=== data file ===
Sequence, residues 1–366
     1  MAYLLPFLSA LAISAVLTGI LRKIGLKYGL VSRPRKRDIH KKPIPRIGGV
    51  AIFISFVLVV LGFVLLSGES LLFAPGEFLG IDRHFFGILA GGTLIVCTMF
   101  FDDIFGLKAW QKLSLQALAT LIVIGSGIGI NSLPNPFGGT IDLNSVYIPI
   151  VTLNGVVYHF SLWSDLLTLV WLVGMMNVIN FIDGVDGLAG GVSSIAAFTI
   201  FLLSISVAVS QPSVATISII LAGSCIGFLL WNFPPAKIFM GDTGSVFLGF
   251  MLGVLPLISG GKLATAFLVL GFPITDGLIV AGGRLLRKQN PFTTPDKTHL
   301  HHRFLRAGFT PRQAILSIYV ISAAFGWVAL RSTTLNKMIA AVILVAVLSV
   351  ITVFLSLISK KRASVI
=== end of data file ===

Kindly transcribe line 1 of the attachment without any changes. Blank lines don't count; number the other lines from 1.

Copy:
Sequence, residues 1–366